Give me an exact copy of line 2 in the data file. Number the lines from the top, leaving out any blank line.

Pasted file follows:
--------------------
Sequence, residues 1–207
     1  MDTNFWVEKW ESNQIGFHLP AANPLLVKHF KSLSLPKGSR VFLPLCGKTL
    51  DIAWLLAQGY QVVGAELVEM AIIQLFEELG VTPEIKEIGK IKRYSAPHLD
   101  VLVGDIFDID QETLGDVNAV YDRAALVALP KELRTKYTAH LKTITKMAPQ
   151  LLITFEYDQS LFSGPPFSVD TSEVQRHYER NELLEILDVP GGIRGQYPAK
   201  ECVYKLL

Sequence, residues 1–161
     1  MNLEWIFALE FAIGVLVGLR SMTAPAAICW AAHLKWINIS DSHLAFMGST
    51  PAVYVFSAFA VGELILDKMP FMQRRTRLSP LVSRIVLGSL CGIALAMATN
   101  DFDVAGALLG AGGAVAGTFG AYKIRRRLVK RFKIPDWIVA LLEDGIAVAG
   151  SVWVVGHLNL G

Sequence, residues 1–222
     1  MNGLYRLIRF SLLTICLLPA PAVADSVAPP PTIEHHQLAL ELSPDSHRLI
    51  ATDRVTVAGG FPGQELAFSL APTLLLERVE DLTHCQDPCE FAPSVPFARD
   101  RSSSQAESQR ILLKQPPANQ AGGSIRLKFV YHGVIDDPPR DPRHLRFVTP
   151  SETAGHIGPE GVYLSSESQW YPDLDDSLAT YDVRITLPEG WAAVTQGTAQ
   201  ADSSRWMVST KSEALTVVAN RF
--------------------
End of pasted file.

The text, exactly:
     1  MDTNFWVEKW ESNQIGFHLP AANPLLVKHF KSLSLPKGSR VFLPLCGKTL